Glenn... thank you! You've helped me realize how often lately I've been simply "going with the flow" and scared to realize I flat-out dislike a film 'cause many friends online and elsewhere claim they like it! At some point, someone has to say something...
I can't say I didn't like the Hangover at all... I can say that, though I brainwashed myself to believe it was funny before, it's truly not. It doesn't fit in the 'comedy' genre, unless you call There's Something About Mary a comedy and Very Bad THings a comedy... I walked out of the theater when the audience laughed at a guy catching his manhood in his zipper and hollering in pain... I felt sick to my stomach.
I now say the same about the taser scene in the first Hangover. Those things kill and paralize people on daily basis with help of deranged cops. How was I to "enjoy" and laugh at a movie's main characters be electrocuted with 20,000 volts?
But... what I liked about the Hangoever is the ending. It did inspire me to think outside the box, and realize that a rel-ship I may be in, though seems stable, needs a lookover, and friends might be right.
I agree with Glenn that Galifanakis' character just doesn't come off realistic. Then again... if the writers met a person like that in real life, I can't prove 'em wrong.
There was a decent amount of mystery in the first HO, suspense and all that. No, it wasn't funny nor realistic in many parts - a world-known boxer would punch a random guy? I think Tyson would simply get his damn tiger himself and be on his way... he's not the mafia, for cryin' out loud, that scene made him look bad.


I have refused to watch any comedy films since seeing Charlie Chaplin slip on a banana peel in 1914. How people can laugh at such misfortune is beyond me.


"Was it over when the Germans bombed Pearl Harbor?"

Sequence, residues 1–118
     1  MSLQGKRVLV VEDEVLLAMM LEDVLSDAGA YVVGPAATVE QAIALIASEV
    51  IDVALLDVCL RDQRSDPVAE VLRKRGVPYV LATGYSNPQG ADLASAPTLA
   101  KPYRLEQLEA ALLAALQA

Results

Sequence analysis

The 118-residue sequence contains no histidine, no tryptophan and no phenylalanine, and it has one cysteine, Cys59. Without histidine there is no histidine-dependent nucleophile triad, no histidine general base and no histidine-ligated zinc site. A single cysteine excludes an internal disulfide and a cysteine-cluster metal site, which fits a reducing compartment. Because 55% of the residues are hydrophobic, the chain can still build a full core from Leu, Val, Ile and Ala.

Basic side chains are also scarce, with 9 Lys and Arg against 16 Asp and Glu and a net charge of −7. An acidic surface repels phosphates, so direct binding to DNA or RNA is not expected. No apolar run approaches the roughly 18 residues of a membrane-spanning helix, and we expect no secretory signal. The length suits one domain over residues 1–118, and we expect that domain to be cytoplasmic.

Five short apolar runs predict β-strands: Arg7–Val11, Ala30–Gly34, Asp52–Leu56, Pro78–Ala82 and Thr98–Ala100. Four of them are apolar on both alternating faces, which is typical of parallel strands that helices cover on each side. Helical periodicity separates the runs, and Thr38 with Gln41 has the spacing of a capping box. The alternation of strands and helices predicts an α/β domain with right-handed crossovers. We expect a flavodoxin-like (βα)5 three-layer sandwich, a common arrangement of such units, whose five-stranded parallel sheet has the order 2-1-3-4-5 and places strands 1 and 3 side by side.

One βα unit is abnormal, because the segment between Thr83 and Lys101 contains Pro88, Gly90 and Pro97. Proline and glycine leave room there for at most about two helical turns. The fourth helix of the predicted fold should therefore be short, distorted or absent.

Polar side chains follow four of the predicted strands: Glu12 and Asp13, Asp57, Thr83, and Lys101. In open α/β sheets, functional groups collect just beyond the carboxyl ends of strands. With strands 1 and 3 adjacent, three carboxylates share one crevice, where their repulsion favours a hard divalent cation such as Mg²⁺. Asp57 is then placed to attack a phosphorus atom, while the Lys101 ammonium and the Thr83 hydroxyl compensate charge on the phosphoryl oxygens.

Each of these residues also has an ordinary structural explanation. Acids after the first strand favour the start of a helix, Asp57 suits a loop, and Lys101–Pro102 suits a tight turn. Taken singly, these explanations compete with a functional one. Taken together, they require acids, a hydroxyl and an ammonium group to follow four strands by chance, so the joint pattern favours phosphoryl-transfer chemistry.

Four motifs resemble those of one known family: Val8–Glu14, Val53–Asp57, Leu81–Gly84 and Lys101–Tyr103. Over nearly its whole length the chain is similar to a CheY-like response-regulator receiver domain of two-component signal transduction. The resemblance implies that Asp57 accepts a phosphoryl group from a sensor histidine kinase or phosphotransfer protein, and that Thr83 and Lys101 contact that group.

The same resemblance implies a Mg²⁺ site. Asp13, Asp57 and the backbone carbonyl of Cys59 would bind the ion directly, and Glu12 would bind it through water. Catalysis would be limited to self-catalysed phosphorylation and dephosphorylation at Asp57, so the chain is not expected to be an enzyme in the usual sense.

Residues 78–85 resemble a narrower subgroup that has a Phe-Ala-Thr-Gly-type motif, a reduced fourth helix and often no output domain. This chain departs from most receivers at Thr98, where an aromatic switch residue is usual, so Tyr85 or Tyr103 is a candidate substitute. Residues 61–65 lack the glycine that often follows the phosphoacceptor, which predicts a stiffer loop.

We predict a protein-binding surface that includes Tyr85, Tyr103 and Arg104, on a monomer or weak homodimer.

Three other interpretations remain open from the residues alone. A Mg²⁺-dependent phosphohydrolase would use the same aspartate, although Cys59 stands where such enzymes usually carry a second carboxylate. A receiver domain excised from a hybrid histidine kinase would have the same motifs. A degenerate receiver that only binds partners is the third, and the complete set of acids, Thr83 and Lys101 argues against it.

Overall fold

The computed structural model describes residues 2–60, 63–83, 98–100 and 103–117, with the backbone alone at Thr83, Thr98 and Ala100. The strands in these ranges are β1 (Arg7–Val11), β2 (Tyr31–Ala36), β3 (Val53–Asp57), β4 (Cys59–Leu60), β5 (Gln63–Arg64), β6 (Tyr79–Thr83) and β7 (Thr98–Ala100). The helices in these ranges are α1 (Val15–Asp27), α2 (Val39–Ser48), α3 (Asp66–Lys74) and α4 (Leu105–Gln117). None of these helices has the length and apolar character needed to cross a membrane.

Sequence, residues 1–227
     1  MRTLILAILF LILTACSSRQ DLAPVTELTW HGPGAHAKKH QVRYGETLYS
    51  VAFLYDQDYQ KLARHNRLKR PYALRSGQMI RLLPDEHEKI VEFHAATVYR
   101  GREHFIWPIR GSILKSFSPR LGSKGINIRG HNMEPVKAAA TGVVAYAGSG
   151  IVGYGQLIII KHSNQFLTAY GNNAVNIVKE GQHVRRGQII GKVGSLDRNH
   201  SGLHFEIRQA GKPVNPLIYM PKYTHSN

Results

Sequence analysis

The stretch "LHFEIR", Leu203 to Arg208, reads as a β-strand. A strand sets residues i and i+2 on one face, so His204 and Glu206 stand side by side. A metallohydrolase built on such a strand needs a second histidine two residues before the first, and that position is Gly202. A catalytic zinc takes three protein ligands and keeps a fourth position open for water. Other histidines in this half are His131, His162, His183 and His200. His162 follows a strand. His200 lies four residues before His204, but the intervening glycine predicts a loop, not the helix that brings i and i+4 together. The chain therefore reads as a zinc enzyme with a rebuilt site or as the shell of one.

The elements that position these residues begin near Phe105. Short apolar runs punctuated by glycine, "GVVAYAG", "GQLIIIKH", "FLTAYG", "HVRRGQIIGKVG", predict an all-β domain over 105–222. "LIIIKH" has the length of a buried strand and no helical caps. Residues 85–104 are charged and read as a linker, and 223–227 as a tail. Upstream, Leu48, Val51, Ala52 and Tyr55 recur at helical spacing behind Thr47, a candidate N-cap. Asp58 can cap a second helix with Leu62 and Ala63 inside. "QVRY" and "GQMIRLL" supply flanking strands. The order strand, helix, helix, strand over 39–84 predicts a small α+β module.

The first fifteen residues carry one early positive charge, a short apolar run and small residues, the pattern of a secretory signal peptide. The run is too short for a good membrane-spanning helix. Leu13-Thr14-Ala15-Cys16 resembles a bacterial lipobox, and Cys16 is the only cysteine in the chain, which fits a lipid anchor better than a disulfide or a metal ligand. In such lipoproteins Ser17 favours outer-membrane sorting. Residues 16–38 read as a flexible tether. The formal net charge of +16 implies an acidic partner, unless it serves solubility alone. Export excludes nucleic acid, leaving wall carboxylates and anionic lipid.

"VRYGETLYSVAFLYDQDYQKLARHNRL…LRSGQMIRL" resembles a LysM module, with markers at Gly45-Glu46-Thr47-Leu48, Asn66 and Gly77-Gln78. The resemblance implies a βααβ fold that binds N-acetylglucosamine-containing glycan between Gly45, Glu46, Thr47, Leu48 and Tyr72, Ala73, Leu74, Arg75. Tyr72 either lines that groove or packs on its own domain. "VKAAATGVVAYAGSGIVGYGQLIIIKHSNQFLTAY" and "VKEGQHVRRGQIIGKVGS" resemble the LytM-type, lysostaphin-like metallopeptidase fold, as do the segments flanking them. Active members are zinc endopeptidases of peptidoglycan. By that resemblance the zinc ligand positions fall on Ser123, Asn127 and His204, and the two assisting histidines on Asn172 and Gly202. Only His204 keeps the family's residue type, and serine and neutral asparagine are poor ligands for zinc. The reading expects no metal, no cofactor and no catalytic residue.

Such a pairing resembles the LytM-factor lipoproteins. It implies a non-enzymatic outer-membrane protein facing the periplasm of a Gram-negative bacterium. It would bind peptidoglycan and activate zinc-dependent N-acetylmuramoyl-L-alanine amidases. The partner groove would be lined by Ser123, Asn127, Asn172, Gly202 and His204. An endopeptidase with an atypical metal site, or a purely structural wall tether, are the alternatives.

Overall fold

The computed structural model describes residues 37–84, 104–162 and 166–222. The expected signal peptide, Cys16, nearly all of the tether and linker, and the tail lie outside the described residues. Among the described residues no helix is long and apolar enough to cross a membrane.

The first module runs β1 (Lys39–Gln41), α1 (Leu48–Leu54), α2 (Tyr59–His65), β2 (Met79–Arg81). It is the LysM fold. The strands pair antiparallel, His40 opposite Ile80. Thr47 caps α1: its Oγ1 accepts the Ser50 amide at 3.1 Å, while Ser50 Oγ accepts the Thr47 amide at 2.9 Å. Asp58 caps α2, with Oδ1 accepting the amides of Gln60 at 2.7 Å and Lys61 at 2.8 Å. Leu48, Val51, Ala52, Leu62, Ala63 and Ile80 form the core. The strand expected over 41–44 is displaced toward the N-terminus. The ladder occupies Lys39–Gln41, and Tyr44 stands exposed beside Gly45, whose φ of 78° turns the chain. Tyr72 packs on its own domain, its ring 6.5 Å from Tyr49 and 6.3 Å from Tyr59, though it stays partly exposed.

"Eight years of college -- down the drain!"

"Is it supposed to be this soft?"

Animal House is full of memorable lines. And I can't recall any lines from The Hangover, either.

Mr. Ziffel

@jbryant: Ouch! Did you really hear me sniff? I didn't mean to come off as a pretentious dickhead, but you're right - there was a certain degree of "here I am now, entertain me" when I finally caught up with THE HANGOVER. Of course I realize I'm not the only person who didn't love the film, but among my particular group of friends and family I was the exception.

On the other hand, it's great to see a film with little or no expectations and be pleasantly surprised. One instance in which this happened for me was when I saw AIRPLANE! the day it was released. I hadn't read any reviews and it was one of those let's go to a matinee to see something, anything rainy days. A comedy with a bunch of old TV stars? Eh, why not? We laughed all the way through the damn thing.


"I also love it when someone says something like "Apparently, I'm the only person who doesn't like MAD MEN" (a show that, however great, rarely gets more than 2 million viewers per episode)."

Well, the people who don't watch it don't necessarily dislike it. They just don't happen to watch it. I think that, among those who have watched three or more episodes, it's extremely, and somewhat undeservedly, popular.


Mr. Ziffel (How is Arnold these days, by the way?): I didn't really mean to call you out. As I said, your post "hinted" at the issue I brought up, but you weren't a "pure" example of it or anything. Thanks for being a good sport though!

Asher: That was actually my point, but I guess I didn't make it clearly. Obviously, one can't like (or loathe) MAD MEN without seeing it. So why would anyone say "Everyone seems to like this thing except me?" Hyperbole, I know, and they probably just mean that it SEEMS like everyone who watches likes it. But I think it's sometimes a way for the "hater" to seem iconoclastic -- "I don't let pundits or the zeitgeist do my thinking for me! The emperor has no clothes! Harumph!"

Now you've got me pondering why MAD MEN is so popular with me if it's "somewhat undeserv(ing)."